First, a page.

“Buda nitawapiga mkiwa wote wawili (I will beat both of you),” Kiai threatened as he moved towards my friends.
That boy could throw a punch and we all feared him for that. He had earned a reputation of being the ‘iron fist’, the pupil nobody liked to fight because he would always win. And nobody wanted to be on ‘wanted’ list.
But on this particular day, my friends and I pocked the bear...and he was not pleased.
We were playing ‘faya’, a mischievous game we played using our school ties as a catapult and small pieces of orange peel as ammunition against other pupils. Hitting them with the orange peels was naughty, but we cherished their reactions.
My friends – Sylvester and Matoro – and I had just returned to class after lunch break, and the 30 minutes' prep time before the teacher came to class was our ‘mischief time’. I was seated at my desk at the back, while my friends a few rows ahead but diagonally opposite me.
I decided to try and hit them with my orange peels.
“Ouch, ouch!!” Kiai bellowed. I was aiming at Matoro but I accidentally hit Kiai the iron fist. I wanted to apologise but since no one had seen me, I kept quiet.
But Kiai stood up, visibly angry, demanding: “Jitambulishe mapema mapema (Own up now).”
Matoro and Sylvester, amused at the spectacle, giggled. Kiai moved towards them and grabbed them by the collar.
He was bigger than them and my two friends shrank back in fear.
Thwack! Thwack!! He slapped Sylvester twice.
Despite being beaten up, my friends did not sell me out. We had an unwritten cardinal rule against snitching. But seeing them helpless made me own up.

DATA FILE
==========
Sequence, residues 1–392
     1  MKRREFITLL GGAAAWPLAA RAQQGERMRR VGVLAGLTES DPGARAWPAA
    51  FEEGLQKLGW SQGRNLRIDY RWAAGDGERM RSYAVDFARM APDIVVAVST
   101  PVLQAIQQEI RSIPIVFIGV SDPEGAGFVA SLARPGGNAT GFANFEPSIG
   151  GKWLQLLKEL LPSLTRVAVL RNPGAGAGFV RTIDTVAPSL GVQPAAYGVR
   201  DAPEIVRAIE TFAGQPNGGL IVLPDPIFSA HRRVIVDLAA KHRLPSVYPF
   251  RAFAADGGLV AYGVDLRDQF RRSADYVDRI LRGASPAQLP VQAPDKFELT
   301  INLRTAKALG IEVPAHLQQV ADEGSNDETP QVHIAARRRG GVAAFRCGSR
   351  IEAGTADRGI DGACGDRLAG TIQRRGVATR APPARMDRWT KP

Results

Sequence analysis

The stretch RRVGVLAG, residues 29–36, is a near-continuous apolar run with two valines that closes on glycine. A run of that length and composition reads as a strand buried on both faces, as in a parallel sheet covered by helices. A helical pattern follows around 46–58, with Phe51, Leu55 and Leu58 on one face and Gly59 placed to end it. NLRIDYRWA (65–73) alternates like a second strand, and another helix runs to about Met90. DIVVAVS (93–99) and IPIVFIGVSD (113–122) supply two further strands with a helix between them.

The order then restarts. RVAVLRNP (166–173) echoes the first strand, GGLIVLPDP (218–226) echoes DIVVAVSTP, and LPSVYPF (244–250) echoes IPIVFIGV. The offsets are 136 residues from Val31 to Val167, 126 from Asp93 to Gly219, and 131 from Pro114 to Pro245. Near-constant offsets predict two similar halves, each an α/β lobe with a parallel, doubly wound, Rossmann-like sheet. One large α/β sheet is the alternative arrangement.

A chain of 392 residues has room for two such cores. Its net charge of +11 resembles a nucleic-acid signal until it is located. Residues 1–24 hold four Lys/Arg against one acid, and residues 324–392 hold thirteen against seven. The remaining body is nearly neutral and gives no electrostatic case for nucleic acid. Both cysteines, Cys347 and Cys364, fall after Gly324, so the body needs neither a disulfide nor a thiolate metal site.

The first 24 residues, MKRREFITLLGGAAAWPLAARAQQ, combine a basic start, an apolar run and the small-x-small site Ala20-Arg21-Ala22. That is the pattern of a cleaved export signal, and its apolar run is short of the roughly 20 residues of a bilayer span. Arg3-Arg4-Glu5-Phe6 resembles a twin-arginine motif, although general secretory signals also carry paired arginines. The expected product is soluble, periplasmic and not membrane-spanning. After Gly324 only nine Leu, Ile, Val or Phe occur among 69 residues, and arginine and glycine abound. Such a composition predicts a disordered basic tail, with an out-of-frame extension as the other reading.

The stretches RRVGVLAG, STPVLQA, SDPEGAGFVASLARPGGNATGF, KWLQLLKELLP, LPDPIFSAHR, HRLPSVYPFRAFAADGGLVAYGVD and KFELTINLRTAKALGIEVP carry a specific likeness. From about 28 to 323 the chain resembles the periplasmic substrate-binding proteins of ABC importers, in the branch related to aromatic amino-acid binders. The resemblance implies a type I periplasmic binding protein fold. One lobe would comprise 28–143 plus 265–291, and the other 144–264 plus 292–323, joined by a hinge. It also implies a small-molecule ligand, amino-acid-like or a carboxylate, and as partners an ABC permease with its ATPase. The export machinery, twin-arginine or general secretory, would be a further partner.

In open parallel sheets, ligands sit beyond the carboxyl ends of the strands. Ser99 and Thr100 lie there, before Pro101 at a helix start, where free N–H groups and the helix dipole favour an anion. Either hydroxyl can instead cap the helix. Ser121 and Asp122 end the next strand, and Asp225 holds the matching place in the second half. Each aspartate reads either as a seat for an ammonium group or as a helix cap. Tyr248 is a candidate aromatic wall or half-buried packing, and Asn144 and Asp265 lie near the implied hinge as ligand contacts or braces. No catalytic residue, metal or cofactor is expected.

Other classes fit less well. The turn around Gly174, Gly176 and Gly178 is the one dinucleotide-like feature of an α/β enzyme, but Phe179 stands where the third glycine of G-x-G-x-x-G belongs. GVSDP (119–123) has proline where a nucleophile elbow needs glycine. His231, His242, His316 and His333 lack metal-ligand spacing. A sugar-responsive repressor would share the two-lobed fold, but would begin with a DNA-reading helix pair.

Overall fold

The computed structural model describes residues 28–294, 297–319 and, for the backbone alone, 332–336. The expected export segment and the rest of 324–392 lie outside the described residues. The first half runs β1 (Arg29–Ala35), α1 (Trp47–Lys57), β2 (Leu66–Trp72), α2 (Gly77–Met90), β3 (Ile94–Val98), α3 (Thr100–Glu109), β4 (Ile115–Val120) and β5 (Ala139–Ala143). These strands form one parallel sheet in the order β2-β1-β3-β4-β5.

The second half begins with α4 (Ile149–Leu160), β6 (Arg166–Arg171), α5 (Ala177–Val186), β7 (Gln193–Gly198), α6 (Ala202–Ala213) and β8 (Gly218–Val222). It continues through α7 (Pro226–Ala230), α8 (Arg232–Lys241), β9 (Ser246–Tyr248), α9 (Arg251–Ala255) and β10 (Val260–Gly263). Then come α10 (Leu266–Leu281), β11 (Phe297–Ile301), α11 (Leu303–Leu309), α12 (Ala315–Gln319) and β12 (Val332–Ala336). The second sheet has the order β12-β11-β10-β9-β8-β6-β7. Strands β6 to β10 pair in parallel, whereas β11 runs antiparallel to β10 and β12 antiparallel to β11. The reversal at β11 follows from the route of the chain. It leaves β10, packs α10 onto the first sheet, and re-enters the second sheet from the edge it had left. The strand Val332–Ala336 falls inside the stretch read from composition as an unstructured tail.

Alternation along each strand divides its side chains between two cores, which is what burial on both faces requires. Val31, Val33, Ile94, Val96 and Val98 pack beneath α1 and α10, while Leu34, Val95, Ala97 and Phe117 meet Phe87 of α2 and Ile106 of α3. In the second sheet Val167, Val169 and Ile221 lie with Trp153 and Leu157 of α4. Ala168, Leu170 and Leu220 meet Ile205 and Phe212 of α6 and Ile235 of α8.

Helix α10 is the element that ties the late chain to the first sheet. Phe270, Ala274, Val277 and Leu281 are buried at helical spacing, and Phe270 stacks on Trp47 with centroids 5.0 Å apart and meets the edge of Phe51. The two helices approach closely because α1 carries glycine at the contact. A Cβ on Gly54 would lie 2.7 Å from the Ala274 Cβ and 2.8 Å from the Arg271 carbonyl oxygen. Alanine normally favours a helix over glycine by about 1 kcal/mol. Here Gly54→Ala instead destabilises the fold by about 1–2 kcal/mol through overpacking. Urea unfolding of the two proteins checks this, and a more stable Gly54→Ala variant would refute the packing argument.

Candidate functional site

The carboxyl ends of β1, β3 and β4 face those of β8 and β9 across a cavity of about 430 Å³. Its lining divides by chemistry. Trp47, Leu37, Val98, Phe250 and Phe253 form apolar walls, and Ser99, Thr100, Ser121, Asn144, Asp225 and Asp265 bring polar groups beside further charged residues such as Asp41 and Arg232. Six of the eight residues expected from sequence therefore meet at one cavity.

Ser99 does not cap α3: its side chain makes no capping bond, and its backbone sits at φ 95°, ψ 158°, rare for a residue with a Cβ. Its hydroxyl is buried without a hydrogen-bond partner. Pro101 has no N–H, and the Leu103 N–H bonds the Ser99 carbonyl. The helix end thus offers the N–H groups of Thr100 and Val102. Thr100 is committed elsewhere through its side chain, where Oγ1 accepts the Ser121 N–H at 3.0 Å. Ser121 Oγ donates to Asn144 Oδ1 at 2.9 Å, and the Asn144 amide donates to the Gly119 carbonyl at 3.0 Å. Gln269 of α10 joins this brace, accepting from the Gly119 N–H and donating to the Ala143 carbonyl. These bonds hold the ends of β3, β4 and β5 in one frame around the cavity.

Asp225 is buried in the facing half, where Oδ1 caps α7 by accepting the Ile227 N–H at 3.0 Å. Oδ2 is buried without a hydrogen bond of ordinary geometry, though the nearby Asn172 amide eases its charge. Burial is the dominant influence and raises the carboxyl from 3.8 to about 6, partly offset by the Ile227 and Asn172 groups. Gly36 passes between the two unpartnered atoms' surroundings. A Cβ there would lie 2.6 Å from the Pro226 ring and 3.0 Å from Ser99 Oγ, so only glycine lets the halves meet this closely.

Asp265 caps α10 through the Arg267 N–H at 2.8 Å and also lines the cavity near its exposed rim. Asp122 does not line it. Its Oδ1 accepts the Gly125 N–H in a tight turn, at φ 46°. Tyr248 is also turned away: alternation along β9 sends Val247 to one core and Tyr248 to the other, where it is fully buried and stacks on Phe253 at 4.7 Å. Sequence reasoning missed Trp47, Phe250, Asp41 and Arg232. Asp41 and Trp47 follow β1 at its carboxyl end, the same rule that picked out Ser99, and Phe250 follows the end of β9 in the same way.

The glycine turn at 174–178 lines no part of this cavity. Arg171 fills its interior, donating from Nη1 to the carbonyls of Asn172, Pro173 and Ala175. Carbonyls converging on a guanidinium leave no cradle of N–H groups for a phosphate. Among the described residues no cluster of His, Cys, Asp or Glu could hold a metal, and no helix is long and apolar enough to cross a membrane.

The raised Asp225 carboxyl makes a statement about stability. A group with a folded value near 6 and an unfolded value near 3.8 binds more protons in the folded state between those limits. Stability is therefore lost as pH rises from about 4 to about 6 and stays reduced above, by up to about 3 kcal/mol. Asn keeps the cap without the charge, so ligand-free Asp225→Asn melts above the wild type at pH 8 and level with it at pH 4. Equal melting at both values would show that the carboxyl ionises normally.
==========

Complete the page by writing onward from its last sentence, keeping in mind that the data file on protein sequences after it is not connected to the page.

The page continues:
“Ni mimi (It was me),” I said in a meek, trembling voice.
“Pole brathe nilikuwa na-aim Matoro (I'm sorry. I was aiming at Matoro, not you),” I added, more courageously.
I promised to do his dirty errands for a week if he would let it go.
But the whole class was watching, and Kiai didn’t want to appear weak by avoiding a confrontation.
On my part I had everything to gain by fighting him, but I really did not want to.
He moved towards my desk swiftly; while I bowed my head hoping he would not confront me.
The dead silence of the class was disturbed by the loud thwack, as I stood there stunned by the slap. He gave me two more hot slaps before I composed myself. I shoved him away and punched his nose.
He tried to kick me, but I blocked the kick. Finally, something good had come out of those ninja movies I watched at Freeman’s video hub—the fighting skills I admired in the movies were saving me from being beaten to a pulp.
“Fight! Fight! Fight!” some boys shouted, inciting us to keep throwing punches.
“Kuja brathe usiogope (Come on, don’t fear),” Kiai taunted while clenching his fists.
He punched me in my left eye, and it suddenly felt really hot.
I pretended to punch Kiai and he fell for the fake punch, moving his head to the left. I capitalised on that and with a strong header aimed for his nose.
He fell to the ground writhing in pain and bleeding profusely.
“Stop fighting!” Mrs Bundi shouted as she walked into the class.
Everybody ran back to their desks while I remained standing, knowing I was in deep trouble but burning with pride for having stood up for my friends.
I was suspended from school for two weeks and my parents had to foot Kiai’s medical bill.
The holy war I received from my mother is a story for another day.
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